Heaven Dust 2 – developed by One Gruel Studio and published by Indienova – has arrived for the Switch and PC. But is this cute, nostalgic horror game fun to play?
Heaven Dust 2 Review: A Fun Game With a Few Flaws
Title: Heaven Dust 2
Developer: One Gruel Studio
Genre: Survival Horror, Puzzle, Action
Platforms: Nintendo Switch (Reviewed), PC
Release Date: January 6, 2022
Fans of Resident Evil will be happy to delve into Heaven Dust 2. Waking up in a cryogenic pod, you arrive in the middle of the action with no weapons, no resources, and no obvious way out. You’ll have to fight your way through hoards of zombies, find and upgrade your weapons, and solve a series of puzzles in order to escape.
This Gameplay Feels Familiar…
We’ll start with the gameplay because that’s the main draw here: it’s a total throwback to Resi. Everything from juggling resources in your inventory to finding save rooms to the style of the puzzles feels extremely familiar. You’ll even find, and be able to mix, red and green herbs. If you’re a fan of the first few Resi games, this will feel rather comforting, and you’ll be able to dive into it straight away.
You’ll slowly unlock the facility, and become intimately acquainted with it, as it involves a lot of going back-and-forth. You’ll find a key that fits several locks, for example or a metal plate that you need for a room on another floor. It feels satisfying to slowly unlock each area, popping the heads off a few zombies along the way.
The combat is pretty straightforward. Aim for the head, and you’ll be okay. Some zombies are trickier than others, with extra layers of flesh and bone to shoot through, and some of them inconveniently explode, which is something to look out for.
As with the original Resident Evil games, bullets are not an infinite resource, so you’ll have to be strategic. All the usual tactics – drawing them out one-by-one or finding a red barrel to explode – work well here, although there were a few moments when I became completely overwhelmed. It has a good difficulty curve, and the action definitely ramps up towards the end. Make sure you make the most of those safe rooms though.
Heaven Dust 2 gets bonus points for having a Casual setting. This is perfect for people who want to delve into the story or puzzle elements of the game without worrying about getting stuck. If you complete the game on the Normal setting, you will unlock the Expert difficulty if you fancy giving that a try.
The puzzles weren’t too tricky to solve, but what hindered me more than anything was how dark this game is. I mean literally, not thematically. At least three times I found myself frustratedly wandering around, only to accidentally stumble upon a new area that I could have gone into half an hour earlier had the game been a tiny bit brighter. This is definitely an issue when playing it handheld on the Switch, as you’re already impeded by the size of the screen.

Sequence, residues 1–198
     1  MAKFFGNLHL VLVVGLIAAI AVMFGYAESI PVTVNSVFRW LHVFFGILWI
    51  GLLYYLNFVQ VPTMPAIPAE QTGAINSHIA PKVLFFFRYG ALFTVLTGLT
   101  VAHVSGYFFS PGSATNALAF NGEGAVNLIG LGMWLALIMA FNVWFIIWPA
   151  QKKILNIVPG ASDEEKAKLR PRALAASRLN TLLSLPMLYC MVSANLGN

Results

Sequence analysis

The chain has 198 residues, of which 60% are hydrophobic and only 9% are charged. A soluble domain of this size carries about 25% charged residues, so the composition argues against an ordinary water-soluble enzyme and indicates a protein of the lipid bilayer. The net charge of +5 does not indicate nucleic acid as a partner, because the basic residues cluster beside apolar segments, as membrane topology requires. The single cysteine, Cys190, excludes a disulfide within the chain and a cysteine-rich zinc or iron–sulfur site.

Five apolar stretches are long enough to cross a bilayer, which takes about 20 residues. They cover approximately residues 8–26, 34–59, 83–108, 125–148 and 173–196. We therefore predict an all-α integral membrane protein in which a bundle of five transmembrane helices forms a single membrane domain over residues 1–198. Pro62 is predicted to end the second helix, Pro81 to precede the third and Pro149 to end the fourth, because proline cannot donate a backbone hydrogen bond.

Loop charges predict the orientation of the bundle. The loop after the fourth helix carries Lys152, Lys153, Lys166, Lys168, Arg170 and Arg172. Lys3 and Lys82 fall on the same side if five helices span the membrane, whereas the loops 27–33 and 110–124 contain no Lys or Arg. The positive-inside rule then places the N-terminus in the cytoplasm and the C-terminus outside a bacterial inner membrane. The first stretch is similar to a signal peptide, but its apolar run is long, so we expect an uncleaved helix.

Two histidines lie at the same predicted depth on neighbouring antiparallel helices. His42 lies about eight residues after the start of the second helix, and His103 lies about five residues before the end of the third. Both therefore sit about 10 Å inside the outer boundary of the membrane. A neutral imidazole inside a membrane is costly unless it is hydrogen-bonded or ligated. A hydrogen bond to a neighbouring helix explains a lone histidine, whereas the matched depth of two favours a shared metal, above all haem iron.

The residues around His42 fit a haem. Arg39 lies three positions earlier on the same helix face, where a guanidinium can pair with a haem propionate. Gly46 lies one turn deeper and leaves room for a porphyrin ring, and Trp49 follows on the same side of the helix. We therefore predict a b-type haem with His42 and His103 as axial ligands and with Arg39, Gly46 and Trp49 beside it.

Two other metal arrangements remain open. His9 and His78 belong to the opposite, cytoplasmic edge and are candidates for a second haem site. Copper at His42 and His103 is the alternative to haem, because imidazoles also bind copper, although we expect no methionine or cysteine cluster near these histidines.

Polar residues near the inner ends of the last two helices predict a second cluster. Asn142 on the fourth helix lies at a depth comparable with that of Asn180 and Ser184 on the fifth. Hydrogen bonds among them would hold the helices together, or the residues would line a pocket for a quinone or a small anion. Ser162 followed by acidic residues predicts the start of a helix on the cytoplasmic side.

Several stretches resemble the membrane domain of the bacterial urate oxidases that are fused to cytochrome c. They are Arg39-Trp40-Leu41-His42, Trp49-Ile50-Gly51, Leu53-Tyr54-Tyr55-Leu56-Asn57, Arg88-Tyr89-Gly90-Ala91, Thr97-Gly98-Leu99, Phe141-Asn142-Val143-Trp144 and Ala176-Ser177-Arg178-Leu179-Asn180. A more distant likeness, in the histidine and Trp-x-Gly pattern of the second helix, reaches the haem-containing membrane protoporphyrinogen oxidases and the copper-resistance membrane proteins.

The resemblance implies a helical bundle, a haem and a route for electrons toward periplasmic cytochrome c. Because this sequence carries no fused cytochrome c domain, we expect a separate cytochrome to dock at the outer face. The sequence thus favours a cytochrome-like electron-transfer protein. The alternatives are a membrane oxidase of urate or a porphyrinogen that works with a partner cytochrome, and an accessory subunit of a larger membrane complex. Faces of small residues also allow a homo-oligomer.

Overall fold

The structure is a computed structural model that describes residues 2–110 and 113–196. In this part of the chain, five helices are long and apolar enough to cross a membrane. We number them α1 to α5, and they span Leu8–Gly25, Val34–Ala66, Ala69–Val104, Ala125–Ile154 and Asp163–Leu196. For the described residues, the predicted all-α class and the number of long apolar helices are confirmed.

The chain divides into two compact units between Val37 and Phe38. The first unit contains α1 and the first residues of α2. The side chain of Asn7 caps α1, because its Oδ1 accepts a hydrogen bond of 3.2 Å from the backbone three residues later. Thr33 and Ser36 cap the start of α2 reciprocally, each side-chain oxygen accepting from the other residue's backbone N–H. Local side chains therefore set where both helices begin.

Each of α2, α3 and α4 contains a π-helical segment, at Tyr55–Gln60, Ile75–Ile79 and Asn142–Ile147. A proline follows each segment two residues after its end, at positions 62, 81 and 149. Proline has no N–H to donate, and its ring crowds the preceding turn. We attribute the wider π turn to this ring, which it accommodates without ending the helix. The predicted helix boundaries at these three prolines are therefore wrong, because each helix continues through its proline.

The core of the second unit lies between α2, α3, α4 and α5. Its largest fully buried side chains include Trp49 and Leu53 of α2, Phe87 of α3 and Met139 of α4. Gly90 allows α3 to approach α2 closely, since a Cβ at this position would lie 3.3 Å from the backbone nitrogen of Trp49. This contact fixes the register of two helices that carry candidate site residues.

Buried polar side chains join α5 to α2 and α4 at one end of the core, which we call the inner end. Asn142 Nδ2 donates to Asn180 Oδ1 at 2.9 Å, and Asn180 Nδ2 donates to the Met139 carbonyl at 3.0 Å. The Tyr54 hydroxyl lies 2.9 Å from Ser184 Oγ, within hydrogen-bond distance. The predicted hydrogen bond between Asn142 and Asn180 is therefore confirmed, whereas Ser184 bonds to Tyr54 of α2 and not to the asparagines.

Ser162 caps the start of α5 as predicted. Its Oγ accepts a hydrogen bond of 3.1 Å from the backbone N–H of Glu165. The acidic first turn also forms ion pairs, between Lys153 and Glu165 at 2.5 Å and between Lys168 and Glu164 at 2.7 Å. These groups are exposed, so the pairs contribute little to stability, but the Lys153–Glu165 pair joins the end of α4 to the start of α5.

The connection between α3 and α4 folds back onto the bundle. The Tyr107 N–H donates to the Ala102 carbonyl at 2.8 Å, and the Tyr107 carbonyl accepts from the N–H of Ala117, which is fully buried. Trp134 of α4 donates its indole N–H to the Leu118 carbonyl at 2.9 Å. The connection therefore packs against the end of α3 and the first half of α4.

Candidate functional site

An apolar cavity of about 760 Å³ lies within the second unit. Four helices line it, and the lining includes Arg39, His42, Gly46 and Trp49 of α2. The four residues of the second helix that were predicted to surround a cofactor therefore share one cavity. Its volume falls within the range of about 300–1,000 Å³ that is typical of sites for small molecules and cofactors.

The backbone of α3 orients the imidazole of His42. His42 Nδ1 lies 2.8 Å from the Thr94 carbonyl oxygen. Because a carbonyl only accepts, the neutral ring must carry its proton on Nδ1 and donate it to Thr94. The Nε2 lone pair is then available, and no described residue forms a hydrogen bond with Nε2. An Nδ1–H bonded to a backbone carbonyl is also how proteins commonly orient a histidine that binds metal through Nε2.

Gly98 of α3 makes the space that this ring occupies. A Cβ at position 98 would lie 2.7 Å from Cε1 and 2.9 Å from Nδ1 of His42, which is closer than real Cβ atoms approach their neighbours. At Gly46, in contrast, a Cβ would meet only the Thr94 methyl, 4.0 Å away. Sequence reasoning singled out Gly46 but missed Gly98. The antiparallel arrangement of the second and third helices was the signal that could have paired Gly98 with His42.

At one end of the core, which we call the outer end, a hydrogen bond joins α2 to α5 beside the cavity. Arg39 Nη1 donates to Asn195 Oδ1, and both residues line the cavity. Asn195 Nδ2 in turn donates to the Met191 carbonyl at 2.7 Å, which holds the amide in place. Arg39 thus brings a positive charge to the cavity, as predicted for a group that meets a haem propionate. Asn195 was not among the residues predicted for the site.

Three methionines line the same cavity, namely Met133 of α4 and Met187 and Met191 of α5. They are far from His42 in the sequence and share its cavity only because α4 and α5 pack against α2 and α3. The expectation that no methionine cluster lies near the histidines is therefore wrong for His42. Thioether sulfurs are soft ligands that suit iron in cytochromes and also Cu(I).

I found myself relying on the map a lot, which is fine (if slightly annoying having to constantly flick back and forth between the map and the game) but you’ll have to find the map for each area first. Usually, this is located quite near the entrance of a new area, but it’s still frustrating when you don’t have it yet.
Unique Design, Average Story
Heaven Dust 2 is an unexpectedly cute game. The graphics are fun, and while this does remove some of the tension (the zombies aren’t particularly scary to look at), However, you can tell a lot of care and thought has gone into the little details.
There are different types of zombies, each with their own strengths and weaknesses, and they’re quite fun to look at, although it did become a bit repetitive having to shoot the same few zombies in the face time and time again. The bosses help to break things up a bit, and I found those moments elevated my excitement when the game started to feel a bit samey.
The story is pretty average. You don’t have to play the first game to get what’s going on here. It’s zombies, after all – what more can be done with zombies at this point? The translation wasn’t 100% perfect, either and I noticed a few grammatical errors that broke the illusion a little bit. Also, for some reason, the text doesn’t scroll down on some of the longer diary entries as well. I don’t think most people will play this type of game for the storytelling though, and it does have different endings, which is a nice touch.
The Final Verdict
Overall Rating: 7 Out of 10. I really enjoyed Heaven Dust 2. It’s a cute little indie game, and it will give you a nice nostalgia hit. The puzzles and bosses help to break up the otherwise repetitive exploration of the facility, and it looks nice too.
The biggest issue I had with this game is the navigation. Had some areas been more clearly signposted, it would have saved me a lot of frustration while wandering around. The translation could do with some work too. Otherwise, it’s a solid game that will give you a good 8-10 hours of entertainment.
this game was reviewed using a digital code provided by the publisher.